What are scholarships good for?

Early this October, as I was sitting in on a meeting of College Possible coaches, the program coordinator specializing in scholarships brought up this amazing stat: When their students got some sort of scholarship, 93% graduated college within six years. When there was no scholarship, only 45% graduated in six years. This is based on College Possible Minnesota's 2008 cohort, meaning their participating students who graduated high school in 2008 and have been tracked since then. So even with all the coaching and support that all College Possible students receive, getting a scholarship more than doubles their odds of graduating. This doesn't just mean "full ride" scholarships that pay for all of college, but any type of scholarship that helps make college cheaper. 

Statistics rarely have stories or explanations, so it's up to us to brainstorm some reasons why getting even a small scholarship can increase your success so dramatically.

Of course there's the obvious reason: scholarships make school more affordable, and you're therefore able to stay and finish. This is true for most people, though there are certainly people for whom a few extra thousand dollars--or even a full ride--wouldn't make a difference in whether or not they could afford college. But this is definitely true for people who end up taking more than four years to finish college: people who study six years in college end up spending, on average, 40% more than people who finish in four years. And it's especially true for people who rely on financial aid for most or all of their time in college, including housing and food costs.

A little bit of money can be the big difference between graduating and not graduating. A program at Georgia State University finds and provides emergency money to students about to be dropped from the school due to account balances--money they owe to the school. They've got the number of students dropped from around 1,000 per semester down to 300-400. The average grant is $900, meaning less than a thousand dollars is the factor that allows or prohibits these students from staying in school. So it makes complete sense that someone getting extra funding, even a little bit, is a lot more likely to graduate.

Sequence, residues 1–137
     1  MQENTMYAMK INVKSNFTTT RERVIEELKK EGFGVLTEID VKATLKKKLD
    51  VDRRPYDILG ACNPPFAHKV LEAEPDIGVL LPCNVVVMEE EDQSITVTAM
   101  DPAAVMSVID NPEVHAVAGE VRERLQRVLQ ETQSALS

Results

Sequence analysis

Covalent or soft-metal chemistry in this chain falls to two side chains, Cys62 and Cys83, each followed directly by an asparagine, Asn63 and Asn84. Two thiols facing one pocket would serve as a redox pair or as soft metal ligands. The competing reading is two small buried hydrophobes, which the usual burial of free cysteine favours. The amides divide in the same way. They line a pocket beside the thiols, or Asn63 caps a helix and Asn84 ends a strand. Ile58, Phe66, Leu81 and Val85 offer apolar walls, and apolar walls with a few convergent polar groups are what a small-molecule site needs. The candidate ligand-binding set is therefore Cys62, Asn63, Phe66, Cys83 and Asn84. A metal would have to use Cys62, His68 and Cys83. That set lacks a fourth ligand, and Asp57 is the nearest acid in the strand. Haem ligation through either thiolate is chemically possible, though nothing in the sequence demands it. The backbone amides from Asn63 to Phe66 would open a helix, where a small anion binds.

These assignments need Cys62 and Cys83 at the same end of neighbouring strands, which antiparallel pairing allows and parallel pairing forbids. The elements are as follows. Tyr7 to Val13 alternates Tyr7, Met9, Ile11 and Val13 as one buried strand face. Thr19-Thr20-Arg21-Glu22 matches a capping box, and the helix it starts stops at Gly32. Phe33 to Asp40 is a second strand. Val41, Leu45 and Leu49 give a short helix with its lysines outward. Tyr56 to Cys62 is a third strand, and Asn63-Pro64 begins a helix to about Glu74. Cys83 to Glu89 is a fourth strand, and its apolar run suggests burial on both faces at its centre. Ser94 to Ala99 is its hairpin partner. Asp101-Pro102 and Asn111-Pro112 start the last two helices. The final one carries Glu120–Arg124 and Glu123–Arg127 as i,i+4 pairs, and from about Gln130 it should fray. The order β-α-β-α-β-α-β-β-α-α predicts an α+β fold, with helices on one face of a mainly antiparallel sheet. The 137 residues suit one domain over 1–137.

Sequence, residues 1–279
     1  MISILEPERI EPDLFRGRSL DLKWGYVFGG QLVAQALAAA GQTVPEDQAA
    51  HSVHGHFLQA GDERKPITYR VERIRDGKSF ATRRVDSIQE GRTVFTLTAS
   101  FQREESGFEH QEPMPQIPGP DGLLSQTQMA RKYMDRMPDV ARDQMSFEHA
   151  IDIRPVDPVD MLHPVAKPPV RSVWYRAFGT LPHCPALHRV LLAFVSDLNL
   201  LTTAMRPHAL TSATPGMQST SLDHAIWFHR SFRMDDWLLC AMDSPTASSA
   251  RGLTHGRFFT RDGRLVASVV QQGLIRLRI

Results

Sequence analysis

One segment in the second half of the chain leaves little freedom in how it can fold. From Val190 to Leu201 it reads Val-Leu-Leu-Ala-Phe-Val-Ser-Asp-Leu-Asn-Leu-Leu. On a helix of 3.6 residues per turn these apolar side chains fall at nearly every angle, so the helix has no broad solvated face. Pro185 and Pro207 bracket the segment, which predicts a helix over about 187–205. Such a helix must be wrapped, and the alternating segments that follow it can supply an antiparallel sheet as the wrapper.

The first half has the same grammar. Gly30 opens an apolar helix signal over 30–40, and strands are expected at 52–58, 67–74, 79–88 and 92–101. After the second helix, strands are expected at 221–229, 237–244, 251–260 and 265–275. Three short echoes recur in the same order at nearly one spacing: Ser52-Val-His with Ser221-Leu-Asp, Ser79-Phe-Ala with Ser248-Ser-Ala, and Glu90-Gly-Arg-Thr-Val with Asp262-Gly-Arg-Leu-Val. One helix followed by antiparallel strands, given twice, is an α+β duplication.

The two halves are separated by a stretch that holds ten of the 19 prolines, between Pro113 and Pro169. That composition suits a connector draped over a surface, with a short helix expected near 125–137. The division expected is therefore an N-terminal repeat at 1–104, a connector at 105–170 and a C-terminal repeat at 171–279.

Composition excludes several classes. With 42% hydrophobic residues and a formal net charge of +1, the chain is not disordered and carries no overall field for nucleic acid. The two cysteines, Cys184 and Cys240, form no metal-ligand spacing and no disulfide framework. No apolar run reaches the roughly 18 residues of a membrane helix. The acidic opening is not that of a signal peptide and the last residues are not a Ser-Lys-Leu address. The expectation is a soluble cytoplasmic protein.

Scholarships, and the promise of future scholarships, can also be a great way to help you enforce self-discipline. Say, for example, that you have a scholarship worth $5,000 every semester, but you have to maintain at least a 3.0 GPA to keep the scholarship. And imagine you have a big test you don't really want to study for. You can tell yourself "if I don't study, then I might not do well on the test." But the consequences are vague and not very convincing. Now imagine yourself saying "if I don't study, then I might not pass the class and have to retake it." That's a stronger argument. But even stronger? "If I don't study, then I might lose my scholarship and not be able to finish college." That's motivating. Even if you don't need the scholarship to stay in school, just having a dollar amount can help you stay focused on your studies. When tempted to skip the study session and go to a party instead, just ask yourself: "Am I willing to risk $5,000 to go to this party? Is it worth it?" No. No party is worth it.

Scholarships are great at building confidence. So much of college admissions--and then college itself--fosters a sense of self-doubt. We constantly ask ourselves if we're worthy. Earning a scholarship is a great way to work against that doubt. Are you a good student? Will you do well in college? Yes! How do you know? Because strangers gave decided to pay you to do it. Man, that feels good. And it can encourage you to keep pressing forward and dong what you need to do to graduate, even when you aren't feeling up to it. 

Because scholarships can do more than simply meet financial requirements, you shouldn't feel guilty taking a scholarship you don't think you need. Don't lie about your finances, obviously, or engage in fraud. But let the people providing the scholarships decide how much they want to make financial need a part of their application. That's not your job. And if you think you qualify for a scholarship, apply. Even if you can afford college without the scholarship, the scholarship still means a lot to you. It might make you twice as likely to graduate.

This is the third, and last, post about my visit to College Possible in Minnesota. The two previous posts are "Thinking about your special circumstances" and "Getting the support you need in college."

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